The Castletons are proving every career counselor’s contention that to be happy, “Do what you love.” They have turned their passion for surfing into a thriving business. And they feel blessed to share their love with others.
“Surfing is the most exhilarating thing a human can do,” said Tommy. “The thrill of catching the perfect wave is addictive. It captures you and you want more. There is no bigger rush.”
Maui Wave Riders (MWR) started small, “out of the back of a van with 13 surfboards,” said Tommy. Today, MWR has two locations in Kīhei and one in Lahaina with about 40 full-time, part-time and on-call instructors.
Their passion for surfing has sparked a thriving business.
Appropriately, Tommy and Alisa met on the beach. Both were raised in San Clemente, Calif., and were introduced by a mutual friend in ninth grade in the late 1970s. They were sweethearts at San Clemente High School before drifting their separate ways—Alisa to college in San Diego and Tommy to a job that would shape his future—as a worker bee for Surfer Magazine, which Tommy calls the “bible” of surfing.
While “empting trash and cleaning toilets,” he was befriended by World Champion surfer Corky Carroll. “Corky took me under his wing,” said Tommy.
Before long, Tommy, who began surfing at age 12, was being invited to photo shoots for Surfer Magazine and other publications. He secured a few sponsors, became a professional surfer and traveled to exotic locations like Indonesia for photo shoots. But a trip to O‘ahu changed his life. One taste of the legendary waves on O‘ahu’s North Shore and he was hooked.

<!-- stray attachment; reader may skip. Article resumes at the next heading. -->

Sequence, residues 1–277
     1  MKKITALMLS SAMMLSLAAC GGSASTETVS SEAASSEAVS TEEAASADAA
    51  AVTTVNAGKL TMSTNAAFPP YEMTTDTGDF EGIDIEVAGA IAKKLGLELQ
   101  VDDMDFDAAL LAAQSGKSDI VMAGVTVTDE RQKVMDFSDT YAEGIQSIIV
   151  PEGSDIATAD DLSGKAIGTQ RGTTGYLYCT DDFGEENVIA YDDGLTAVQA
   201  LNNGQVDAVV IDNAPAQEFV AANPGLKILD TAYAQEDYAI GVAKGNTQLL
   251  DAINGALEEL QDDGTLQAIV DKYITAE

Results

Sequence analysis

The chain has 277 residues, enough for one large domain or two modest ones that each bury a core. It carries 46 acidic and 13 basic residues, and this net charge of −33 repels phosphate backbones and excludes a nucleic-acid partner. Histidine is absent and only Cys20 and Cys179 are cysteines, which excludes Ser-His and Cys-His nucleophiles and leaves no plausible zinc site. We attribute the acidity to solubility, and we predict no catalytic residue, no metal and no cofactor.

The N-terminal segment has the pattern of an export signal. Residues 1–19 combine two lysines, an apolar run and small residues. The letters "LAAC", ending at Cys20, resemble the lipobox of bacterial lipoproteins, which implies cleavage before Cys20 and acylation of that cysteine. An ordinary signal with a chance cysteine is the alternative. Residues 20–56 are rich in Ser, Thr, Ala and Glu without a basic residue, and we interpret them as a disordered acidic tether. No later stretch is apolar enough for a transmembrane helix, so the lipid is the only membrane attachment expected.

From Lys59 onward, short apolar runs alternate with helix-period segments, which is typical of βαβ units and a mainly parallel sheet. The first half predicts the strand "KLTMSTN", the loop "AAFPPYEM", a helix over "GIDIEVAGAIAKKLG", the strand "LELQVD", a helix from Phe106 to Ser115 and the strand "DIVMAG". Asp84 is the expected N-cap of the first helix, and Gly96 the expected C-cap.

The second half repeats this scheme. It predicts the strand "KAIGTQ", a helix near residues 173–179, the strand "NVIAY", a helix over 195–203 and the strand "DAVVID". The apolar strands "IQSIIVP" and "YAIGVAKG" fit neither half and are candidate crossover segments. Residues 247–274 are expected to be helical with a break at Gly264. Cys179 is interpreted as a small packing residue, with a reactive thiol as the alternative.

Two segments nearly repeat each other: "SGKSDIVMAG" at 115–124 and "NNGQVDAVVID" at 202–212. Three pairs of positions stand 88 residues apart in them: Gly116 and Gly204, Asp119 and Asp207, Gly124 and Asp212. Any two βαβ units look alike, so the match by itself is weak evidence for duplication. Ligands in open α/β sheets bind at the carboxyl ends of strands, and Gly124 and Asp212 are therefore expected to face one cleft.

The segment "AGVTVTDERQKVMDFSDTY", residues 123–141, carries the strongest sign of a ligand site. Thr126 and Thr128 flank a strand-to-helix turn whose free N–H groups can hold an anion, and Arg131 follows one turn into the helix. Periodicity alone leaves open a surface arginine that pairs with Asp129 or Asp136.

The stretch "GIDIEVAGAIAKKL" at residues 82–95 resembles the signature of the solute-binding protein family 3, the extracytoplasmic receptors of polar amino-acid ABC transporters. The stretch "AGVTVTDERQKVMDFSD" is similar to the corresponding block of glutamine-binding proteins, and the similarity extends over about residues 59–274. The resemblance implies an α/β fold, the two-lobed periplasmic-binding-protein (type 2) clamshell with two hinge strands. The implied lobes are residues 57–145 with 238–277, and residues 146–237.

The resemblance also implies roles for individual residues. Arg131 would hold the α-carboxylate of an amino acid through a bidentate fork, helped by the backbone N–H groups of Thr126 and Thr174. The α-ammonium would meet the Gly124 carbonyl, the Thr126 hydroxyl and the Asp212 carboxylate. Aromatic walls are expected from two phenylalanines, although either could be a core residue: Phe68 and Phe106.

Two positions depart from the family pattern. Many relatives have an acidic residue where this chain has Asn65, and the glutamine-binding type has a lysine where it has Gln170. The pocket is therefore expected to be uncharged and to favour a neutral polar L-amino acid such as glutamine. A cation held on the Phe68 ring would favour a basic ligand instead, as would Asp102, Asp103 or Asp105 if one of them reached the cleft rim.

For the next five years, “I was all about surfing Pipeline,” he said. “I think Pipeline is still the best wave on the planet.”
Tommy honed his surfing skills, attended Chaminade University, then returned to San Clemente. One day, he decided to check in with his old girlfriend’s family. “He called and I answered,” said Alisa. “We hadn’t spoken in three-and-a-half years. One year later, we were married.”
The Castletons spent several years working for a wetsuit company, scrimped and saved and embarked on an epic adventure, traveling and surfing the waves of Mexico, Fiji, Australia, Indonesia and Tahiti. When they returned, Tommy’s mother, who had moved to Maui, invited them for a visit. They were captivated by Maui’s beauty and made it their mission to live here.
For nearly four years, Tommy taught surfing at Maui Surfing School in Lahaina. In 1996, son Noa, who has become an excellent surfer in his own right, was born.
“For years my mom was saying, ‘Why don’t you just open your own surfing school?’” said Tommy. So in 1997, they bought that first van and set up shop. Maui Wave Riders was born.
Alisa, who admits to being slightly less obsessed with surfing than Tommy, handles scheduling, financial matters and administrative functions. Tommy deals with purchasing, personnel and marketing—coining the phrase that MWR caters to “beginners and cowards.” The Castletons say they are fortunate to have the support of an incredible staff.
Over the years, MWR has taught the rich and famous and their families to surf. Among them: Jeff Bridges, Serena Williams, Eli Manning, Danny DeVito, and recently, members of the cast of the reality show “Little People, Big World. “We try to accommodate everyone,” said Alisa. “We have taught autistic kids and visually and hearing impaired people.”
“The majority of our instructors are Hawaiian,” said Tommy. “They love to share their aloha spirit and truly respect the ocean.” Others come from Mexico, Samoa and New Zealand, as well as the Mainland.
The Castletons acquired a family property near their current location at 2021 South Kīhei Road, where they are planning to build a 3,600-square-foot Hawaiian-style building for their business and a tenant. They hope to begin construction this summer and open in 2011.
Alisa said they feel very fortunate to do what they do. “We really see our business as a surfing ‘ohana,” she said. “We want everyone to be part of our family. We are pleased when students tell us learning to surf was the highlight of their vacation.”
“We have taught people from three-and-a-half years old to people in their 80s,” added Tommy. “We truly believe surfing changes lives.”